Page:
Part 2 will cover working on the computer and practicing piano with progressives.

Day 3 Conclusions - Part 1:

What's the point of that bottom part for reading? For me, someone who spends 90% of my reading time at the intermediate distance, that bottom "fine print" range at the bottom of the lenses is useless. I have to go out of my way to find things to try reading out of that area of the lens.

Using Progressives for Music Experiment - Day 2

I'll update this as the day progresses. However, I thought I'd share the play-by-play of my "progressives" experiment so far: Time Length Goal: 1 hour minimum Time Length Progressives Worn: 1:30 PM - 2:57 PM (1 hour 27 min.) Tasks: Cooking and piano teaching Part of the Lenses Used: 90 % Intermediate distance, 10% Distance, 0% Near Symptoms Felt: Like I just got off a roller coaster at Universal Studios with flashing lights - nausea, mild headache in occipital lobe area, which later spread to the temples. Felt irritable by the end of the session.

Using Progressives for Music - Pre-Experiment Video

To give everyone a frame of reference as I start my "Using Progressives for Music" experiment, here are some videos taken of me practicing with my single vision lenses. Sight-reading example:

Drilling a student's piece:

Practicing ensemble music on piano:

Practicing conducting:

I'll repeat these experiments (and more) with the progressives.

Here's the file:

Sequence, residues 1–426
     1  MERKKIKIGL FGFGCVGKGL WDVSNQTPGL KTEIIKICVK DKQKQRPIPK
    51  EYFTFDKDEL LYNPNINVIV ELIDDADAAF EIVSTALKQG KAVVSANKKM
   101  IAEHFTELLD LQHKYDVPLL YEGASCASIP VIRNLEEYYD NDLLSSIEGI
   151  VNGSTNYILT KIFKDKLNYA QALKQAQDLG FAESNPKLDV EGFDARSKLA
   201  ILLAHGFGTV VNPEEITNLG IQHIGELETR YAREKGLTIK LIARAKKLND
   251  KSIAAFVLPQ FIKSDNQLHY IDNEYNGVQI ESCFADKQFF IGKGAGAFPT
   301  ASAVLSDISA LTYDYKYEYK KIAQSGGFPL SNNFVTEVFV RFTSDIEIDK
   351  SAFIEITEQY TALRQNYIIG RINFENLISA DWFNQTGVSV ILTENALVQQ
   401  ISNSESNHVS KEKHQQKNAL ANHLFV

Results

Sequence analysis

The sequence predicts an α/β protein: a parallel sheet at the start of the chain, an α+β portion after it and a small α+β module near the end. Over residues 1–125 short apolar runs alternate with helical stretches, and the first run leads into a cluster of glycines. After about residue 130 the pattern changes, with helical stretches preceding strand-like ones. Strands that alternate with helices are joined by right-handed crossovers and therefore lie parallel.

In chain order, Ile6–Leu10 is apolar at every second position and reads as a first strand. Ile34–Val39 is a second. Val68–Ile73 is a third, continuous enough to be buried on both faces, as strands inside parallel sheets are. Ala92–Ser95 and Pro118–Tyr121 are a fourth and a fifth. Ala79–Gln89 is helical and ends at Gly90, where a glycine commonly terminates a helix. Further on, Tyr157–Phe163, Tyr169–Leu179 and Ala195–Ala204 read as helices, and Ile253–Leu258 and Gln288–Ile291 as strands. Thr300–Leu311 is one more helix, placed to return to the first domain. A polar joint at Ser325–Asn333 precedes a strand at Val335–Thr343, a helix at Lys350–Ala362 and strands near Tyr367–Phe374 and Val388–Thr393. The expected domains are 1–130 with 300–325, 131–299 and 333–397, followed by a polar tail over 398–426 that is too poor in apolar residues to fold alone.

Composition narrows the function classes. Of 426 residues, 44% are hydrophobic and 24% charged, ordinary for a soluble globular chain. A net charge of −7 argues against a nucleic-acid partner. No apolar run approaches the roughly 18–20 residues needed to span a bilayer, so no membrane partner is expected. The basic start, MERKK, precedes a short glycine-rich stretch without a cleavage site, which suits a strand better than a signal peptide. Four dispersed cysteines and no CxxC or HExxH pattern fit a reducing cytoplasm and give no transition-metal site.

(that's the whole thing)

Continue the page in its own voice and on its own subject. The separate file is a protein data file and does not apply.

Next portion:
Using Progressives for Music Experiment - Day 1

My eye doctor says I need progressives. Every musician I know who has them (or has had them) have  basically told me that "progressives are useless for music". They have either reverted back to single-vision lenses or use a dedicated pair for reading music. I even found some discussion threads dedicated to progressives and musicians. However, my optometrist is convinced that I should be able to handle it - for ALL situations - including music.

What's the big deal, you may ask? Well here, see for yourself:

Photo from Master Eye Associates.

Now, look at the visual range for reading music. Note that this doesn't even include playing in an ensemble.

The reading surface area for musicians. Distance approximately 21 inches from my eyes to the book. Photo by R-M Arca.

I am fighting a strong bias, so by documenting my journey, I hope to overcome that, as well as to give others an insight on the "progressives and music" experience.

The sides of on progressive lenses are essentially "dead" space, which does absolutely nothing for musicians who must rely on peripheral vision extensively and shift their focus very quickly. 

Without further ado, here's my report on Day 1:

I should preface this by saying that I am extremely near-sighted with astigmatism. I have "dry eye" syndrome and plugged up tear glands, which may factor into this experiment. However, for the past month, I've been taking lubricating eye drops every 2 - 3 hours, being more diligent about removing my eye make-up, using eye lid wipes daily and either doing an eye wash or hot compress two or more times a day. Let's just say that my tear lubrication hasn't been this good in years.

In true science fair form, I will post some "Control" videos, showing how I see with my current (single-vision) glasses.